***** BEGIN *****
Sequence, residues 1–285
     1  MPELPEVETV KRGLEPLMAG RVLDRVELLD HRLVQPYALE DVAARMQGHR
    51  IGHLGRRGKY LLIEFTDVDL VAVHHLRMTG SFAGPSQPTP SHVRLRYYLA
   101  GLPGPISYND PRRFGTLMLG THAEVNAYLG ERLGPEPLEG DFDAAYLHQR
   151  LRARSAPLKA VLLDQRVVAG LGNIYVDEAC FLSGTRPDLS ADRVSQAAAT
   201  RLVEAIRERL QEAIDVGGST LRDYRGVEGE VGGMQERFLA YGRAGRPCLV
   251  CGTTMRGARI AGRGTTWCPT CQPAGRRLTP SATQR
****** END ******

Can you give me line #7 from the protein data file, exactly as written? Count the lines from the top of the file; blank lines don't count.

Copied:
   251  CGTTMRGARI AGRGTTWCPT CQPAGRRLTP SATQR